The pandemic took the homebody economy mainstream – and it’s here to stay

homebody economy
Elevated home spending will coexist with spending on experiences in a post-pandemic world.

Americans are going on a spending spree.

In a post-stimulus, increasingly vaccinated world, they’re ready to live like it’s 2019 again. They’re buying dresses, jeans, and crop tops and booking beauty services like mani-pedis and haircuts for their hot vaxx summer. They’re taking public transit, dining at bars and restaurants, and taking flight.

It’s good news for the economy, which needs Americans to spend a good portion of the $2.6 trillion they’ve saved during the pandemic to help fuel what could be the biggest boomtime in a generation.

But something is different – the spending on private or homebound matters, which spiked during lockdown, is staying high. Americans’ yearlong stint inside boosted the homebody economy, a phrase coined in 2018 by Vox’s Kaitlyn Tiffany coined to describe the growing market among millennials, who couldn’t afford to do much but stay at home. Now, many Americans seem to be enjoying this way of life, and it doesn’t look like it’s going away anytime soon.

Home spending grew at a strong pace in April, according to a Bank of America Research note from May 14. It found that for the week ending May 8th, the average daily spending in home categories grew by 37.8% over a two-year basis. A recent survey by McKinsey & Co. found that consumers intend to continue the investments they made in their home life post-pandemic.

What McKinsey predicts is a “rebalancing” of the homebody economy. What emerged in 2020 is a new category of spending in the form of private consumption, that might be here to stay even as we return to normal. Home improvement, at-home cooking, comforts like bedding and pajamas, and online entertainment may all now get as much attention as experiences like travel and dining out traditionally have.

The home improvement boom

Many Americans turned to home renovation projects during quarantine, the beginning of a long-lasting boom.

Home improvement and repair spending grew by nearly 3% to $420 billion in 2020, per a recent study by Harvard University’s Joint Center for Housing Studies (JCHS). Abbe Will, one of the report’s researchers, previously told Insider they expect the home remodeling market to expand even further in 2021 – by 4% – as homeowners complete discretionary projects or those they put off during quarantine.

Spending at home improvement retailers is currently outpacing spending at product retailers, per the BofA data. And UBS’ Evidence Lab DIY survey found that a record percentage of homeowners are planning projects. In March, 71% showed intention to do a project within the next three months.

contractor home remodel design
Higher spending on home improvement is set to continue through the rest of the year and beyond.

Baby boomers with equity led the home improvement boom, driven by newfound time on their hands, the desire to stay in their homes, and a historic housing shortage. With moving to a different place in such a cutthroat market an unattractive option and the value of homes going up amid record-high housing, they became more willing to spend on remodeling than past generations.

But millennials were cashing in on home projects, too. DIY renovation became a new form of discretionary spending during the pandemic for wealthy millennials, who no longer had travel and brunch to spend on. But it also became a way for the less wealthy subset of the generation to get their hands on a house amid a shrinking housing inventory.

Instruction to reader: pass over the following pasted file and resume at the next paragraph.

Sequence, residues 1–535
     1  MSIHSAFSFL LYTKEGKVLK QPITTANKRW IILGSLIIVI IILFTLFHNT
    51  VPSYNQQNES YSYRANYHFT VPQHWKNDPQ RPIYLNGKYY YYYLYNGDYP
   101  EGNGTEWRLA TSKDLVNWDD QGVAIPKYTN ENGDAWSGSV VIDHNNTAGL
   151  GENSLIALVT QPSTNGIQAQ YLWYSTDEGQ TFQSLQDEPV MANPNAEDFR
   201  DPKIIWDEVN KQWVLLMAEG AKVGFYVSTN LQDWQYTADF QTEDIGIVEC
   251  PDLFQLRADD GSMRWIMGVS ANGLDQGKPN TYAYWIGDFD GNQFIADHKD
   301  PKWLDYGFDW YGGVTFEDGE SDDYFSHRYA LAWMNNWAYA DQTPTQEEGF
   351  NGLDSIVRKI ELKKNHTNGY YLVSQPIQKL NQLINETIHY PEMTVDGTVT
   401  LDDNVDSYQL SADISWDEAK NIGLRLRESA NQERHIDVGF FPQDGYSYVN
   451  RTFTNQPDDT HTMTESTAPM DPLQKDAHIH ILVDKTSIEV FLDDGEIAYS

Some, unable to outbid all-cash offers, resorted to buying fixer uppers. Many checked off their smaller, more budget-friendly renovations last year and are now facing more expensive renovations like bathroom and kitchen remodels that will continue to fuel the boom through 2021 and beyond.

Newfound at-home hobbies and luxuries

While home improvement spending has been one of the biggest sectors driving the sustaining homebody economy, the BofA note also found that spending in furnishings and bedding is playing a role. They’re both an offshoot of home renovations, but bedding also symbolizes an upgrade in comfort – with coziness a common theme in pandemic spending.

A spokesperson for told Insider’s Bartie Scott in April that consumers “are very much still in the cozy mindset,” continuing shopping for the things that began trending since the start of lockdown: loungewear, matching sets, nap dresses, and home bedding.

Self-care items like pajamas took the place of what Lorna Hall of London-based trend forecasting firm WGSN calls “scheduled spend” – the purchases people regularly made in their pre-pandemic routine, like coffee, commuter fare, and lunches out. These regularly scheduled budgets changed as routines did, but they might have found a permanent place as we change routines yet again. As Hall told Scott, “bedtime is a thing that comes around every day.”

millennial cooking
At-home cooking might be here to stay, even as people venture out to restaurants more.

As part of this routine shift, people also took on new at-home hobbies and domestic activities. The pandemic changed Americans’ cooking prowess, as many turned to the kitchen with nothing better to do. They made more meals at home, experimented with different palates, and focused more on healthy ingredients – all of which could have long-lasting effects on how people cook and shop for years, CNBC’s Melissa Repko reported.

It sparked a resurgence in meal kit delivery services, which McKinsey doesn’t see abating. Between 60% to 70% of respondents said they expect to continue digital food related activities after the pandemic, such as meal-kit delivery services and new store and restaurant apps. Respondents also expect to accelerate their digital spending in pet products and consumer electronics going forward, two categories that are also seeing two-year growth, per BofA data.